(PhysOrg.com) -- Scientists within the New York Center for Astrobiology at Rensselaer Polytechnic Institute have compiled years of research to help locate areas in outer space that have extreme potential for complex organic molecule formation. The scientists searched for methanol, a key ingredient in the synthesis of organic molecules that could lead to life. Their results have implications for determining the origins of molecules that spark life in the cosmos.
The findings will be published in the Nov. 20 edition of the Astrophysical Journal in a paper titled "Observational constraints on methanol production in interstellar and preplanetary ices." The work is collaboration between researchers at Rensselaer, NASA Ames Research Center, the SETI Institute, and Ohio State University.
"Methanol formation is the major chemical pathway to complex organic molecules in interstellar space," said the lead researcher of the study and director of the NASA-funded center, Douglas Whittet of Rensselaer. If scientists can identify regions where conditions are right for rich methanol production, they will be better able to understand where and how the complex organic molecules needed to create life are formed. In other words, follow the methanol and you may be able to follow the chemistry that leads to life.
Using powerful telescopes on Earth, scientists have observed large concentrations of simple molecules such as carbon monoxide in the clouds that give birth to new stars. In order to make more complex organic molecules, hydrogen needs to enter the chemical process. The best way for this chemistry to occur is on the surfaces of tiny dust grains in space, according to Whittet. In the right conditions, carbon monoxide on the surface of interstellar dust can react at low temperatures with hydrogen to create methanol (CH3OH). Methanol then serves as an important steppingstone to formation of the much more complex organic molecules that are required to create life. Scientists have known that methanol is out there, but to date there has been limited detail on where it is most readily produced.
What Whittet and his collaborators have discovered is that methanol is most abundant around a very small number of newly formed stars. Not all young stars reach such potential for organic chemistry. In fact, the range in methanol concentration varies from negligible amounts in some regions of the interstellar medium to approximately 30 percent of the ices around a handful of newly formed stars. They also discovered methanol for the first time in low concentrations (1 to 2 percent) in the cold clouds that will eventually give birth to new stars.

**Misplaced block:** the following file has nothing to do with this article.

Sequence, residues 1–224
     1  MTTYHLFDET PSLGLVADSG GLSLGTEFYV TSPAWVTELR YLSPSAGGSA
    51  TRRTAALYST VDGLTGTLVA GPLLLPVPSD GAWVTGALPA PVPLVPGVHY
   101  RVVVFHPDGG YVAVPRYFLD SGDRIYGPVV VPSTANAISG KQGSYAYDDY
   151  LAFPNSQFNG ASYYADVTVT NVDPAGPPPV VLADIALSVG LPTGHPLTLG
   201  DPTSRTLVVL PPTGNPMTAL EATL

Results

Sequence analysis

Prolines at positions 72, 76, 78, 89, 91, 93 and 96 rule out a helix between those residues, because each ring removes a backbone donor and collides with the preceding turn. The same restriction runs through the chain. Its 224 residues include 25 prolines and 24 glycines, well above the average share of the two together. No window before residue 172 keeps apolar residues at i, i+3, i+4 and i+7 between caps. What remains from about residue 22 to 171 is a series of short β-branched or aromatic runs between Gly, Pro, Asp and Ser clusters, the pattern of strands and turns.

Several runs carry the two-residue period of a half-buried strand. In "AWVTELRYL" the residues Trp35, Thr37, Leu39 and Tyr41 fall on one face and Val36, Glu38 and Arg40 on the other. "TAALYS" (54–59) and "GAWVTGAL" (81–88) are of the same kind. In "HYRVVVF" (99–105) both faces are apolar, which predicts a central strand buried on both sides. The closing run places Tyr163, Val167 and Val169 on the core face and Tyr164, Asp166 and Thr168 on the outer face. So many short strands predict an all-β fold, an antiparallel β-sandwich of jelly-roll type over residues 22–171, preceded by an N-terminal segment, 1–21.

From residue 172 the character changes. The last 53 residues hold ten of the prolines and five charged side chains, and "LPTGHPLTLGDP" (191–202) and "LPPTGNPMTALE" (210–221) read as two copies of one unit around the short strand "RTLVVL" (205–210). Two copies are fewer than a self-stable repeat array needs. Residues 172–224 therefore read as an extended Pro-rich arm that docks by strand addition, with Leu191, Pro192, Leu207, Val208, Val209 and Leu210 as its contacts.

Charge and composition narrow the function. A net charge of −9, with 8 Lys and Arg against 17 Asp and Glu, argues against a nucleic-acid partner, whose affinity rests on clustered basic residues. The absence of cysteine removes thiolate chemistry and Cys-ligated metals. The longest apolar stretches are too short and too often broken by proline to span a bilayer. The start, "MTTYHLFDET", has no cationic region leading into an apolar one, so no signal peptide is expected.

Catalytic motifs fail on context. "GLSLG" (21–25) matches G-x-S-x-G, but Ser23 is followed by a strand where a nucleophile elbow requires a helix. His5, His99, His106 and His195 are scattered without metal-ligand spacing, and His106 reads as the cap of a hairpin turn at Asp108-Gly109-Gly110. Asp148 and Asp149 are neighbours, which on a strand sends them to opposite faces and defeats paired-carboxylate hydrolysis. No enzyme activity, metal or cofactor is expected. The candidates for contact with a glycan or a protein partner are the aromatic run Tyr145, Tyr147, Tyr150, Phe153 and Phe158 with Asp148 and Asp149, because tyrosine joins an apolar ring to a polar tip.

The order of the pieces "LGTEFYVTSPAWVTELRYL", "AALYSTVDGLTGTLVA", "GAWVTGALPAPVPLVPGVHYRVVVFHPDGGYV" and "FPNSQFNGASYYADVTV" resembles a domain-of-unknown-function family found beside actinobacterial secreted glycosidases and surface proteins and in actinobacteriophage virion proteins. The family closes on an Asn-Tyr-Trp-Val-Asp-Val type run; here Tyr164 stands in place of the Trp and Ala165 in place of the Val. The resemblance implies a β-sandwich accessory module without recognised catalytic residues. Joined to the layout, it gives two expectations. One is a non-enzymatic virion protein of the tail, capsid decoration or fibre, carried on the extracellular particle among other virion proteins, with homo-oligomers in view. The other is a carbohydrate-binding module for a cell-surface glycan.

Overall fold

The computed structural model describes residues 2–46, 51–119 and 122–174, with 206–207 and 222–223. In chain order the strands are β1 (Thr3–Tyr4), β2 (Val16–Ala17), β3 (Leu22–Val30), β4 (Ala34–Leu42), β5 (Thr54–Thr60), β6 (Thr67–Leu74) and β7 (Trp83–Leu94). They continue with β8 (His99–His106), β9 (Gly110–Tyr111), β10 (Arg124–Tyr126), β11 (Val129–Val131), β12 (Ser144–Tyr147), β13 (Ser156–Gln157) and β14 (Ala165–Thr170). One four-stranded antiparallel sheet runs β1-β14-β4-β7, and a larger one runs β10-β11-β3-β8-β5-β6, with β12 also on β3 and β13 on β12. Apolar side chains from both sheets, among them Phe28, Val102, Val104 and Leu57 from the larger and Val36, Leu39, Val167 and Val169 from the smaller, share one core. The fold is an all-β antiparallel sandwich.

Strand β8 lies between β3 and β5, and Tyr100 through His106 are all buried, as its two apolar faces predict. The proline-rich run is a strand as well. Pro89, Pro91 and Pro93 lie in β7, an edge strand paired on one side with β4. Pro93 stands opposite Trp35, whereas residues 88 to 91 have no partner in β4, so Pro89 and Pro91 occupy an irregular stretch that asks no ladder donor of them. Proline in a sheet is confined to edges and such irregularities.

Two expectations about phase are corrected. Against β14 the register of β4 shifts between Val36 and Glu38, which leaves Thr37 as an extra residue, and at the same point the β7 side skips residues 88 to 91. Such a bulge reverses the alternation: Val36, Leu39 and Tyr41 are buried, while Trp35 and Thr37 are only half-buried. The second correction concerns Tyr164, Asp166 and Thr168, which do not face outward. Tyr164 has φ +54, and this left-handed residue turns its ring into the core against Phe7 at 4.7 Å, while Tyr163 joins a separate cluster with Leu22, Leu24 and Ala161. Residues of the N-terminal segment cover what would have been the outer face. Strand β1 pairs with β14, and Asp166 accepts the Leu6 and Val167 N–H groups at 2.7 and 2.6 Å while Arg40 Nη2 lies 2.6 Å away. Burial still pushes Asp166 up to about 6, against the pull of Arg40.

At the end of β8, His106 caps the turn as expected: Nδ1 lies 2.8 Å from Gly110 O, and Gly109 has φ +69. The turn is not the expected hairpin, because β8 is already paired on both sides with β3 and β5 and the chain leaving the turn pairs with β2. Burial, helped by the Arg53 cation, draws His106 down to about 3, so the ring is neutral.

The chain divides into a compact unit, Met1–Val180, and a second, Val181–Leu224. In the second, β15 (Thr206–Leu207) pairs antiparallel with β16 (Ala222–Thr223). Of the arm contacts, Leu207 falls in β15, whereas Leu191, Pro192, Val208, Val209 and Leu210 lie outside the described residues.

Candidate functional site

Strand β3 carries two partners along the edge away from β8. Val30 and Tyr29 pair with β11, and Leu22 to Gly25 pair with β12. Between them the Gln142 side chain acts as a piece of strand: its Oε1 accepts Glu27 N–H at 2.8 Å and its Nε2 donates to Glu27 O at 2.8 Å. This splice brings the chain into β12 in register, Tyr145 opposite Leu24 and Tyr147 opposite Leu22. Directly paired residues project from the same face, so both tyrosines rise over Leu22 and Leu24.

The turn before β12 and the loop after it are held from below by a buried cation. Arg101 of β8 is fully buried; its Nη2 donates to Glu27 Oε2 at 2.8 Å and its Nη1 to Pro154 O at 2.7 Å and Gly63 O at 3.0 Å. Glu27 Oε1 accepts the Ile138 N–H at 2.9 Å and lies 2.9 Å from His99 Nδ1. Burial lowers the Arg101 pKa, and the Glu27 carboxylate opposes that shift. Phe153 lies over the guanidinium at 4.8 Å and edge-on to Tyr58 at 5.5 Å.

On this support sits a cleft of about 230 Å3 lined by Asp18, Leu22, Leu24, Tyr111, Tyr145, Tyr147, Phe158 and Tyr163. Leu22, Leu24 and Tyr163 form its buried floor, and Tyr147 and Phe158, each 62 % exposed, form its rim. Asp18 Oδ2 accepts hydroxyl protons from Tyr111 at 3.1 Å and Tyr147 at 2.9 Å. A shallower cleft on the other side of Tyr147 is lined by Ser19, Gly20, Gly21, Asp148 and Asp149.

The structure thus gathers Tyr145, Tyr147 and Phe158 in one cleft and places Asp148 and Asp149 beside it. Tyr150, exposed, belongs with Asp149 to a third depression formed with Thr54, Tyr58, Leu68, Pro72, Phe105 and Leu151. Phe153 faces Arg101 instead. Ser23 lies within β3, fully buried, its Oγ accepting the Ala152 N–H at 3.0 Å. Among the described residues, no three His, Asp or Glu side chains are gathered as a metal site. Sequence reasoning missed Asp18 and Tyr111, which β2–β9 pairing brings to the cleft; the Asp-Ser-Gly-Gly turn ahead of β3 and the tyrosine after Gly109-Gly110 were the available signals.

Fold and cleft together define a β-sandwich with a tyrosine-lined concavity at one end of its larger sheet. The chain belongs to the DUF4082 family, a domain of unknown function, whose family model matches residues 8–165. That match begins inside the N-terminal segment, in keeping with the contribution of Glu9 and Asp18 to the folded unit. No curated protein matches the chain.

The scientists conclude in the paper that there is a "sweet spot" in the physical conditions surrounding some stars that accounts for the large discrepancy in methanol formation in the galaxy. The complexity of the chemistry depends on how fast certain molecules reach the dust grains surrounding new stars, according the Whittet. The rate of molecule accumulation on the particles can result in an organic boom or a literal dead end.
"If the carbon monoxide molecules build up too quickly on the surfaces of the dust grains, they don't get the opportunity to react and form more complex molecules. Instead, the molecules get buried in the ices and add up to a lot of dead weight," Whittet said. "If the buildup is too slow, the opportunities for reaction are also much lower."
This means that under the right conditions, the dust surrounding certain stars could hold greater potential for life than most of its siblings. The presence of high concentrations of methanol could essentially jumpstart the process to create life on the planets formed around certain stars.
The scientists also compared their results with methanol concentrations in comets to determine a baseline of methanol production in our own solar system.
"Comets are time capsules," Whittet said. "Comets can preserve the early history of our solar system because they contain material that hasn't changed since the solar system was formed." As such, the scientists could look at the concentrations of methanol in comets to determine the amount of methanol that was in our solar system at its birth.
What they found was that methanol concentrations at the birth of our solar system were actually closer to the average of what they saw elsewhere in interstellar space. Methanol concentrations in our solar system were fairly low, at only a few percent, compared to some of the other methanol-dense areas in the galaxy observed by Whittet and his colleagues.
"This means that our solar system wasn't particularly lucky and didn't have the large amounts of methanol that we see around some other stars in the galaxy," Whittet said.
"But, it was obviously enough for us to be here."
The results suggest that there could be solar systems out there that were even luckier in the biological game than we were, according to Whittet. As we look deeper into the cosmos, we may eventually be able to determine what a solar system bursting with methanol can do.
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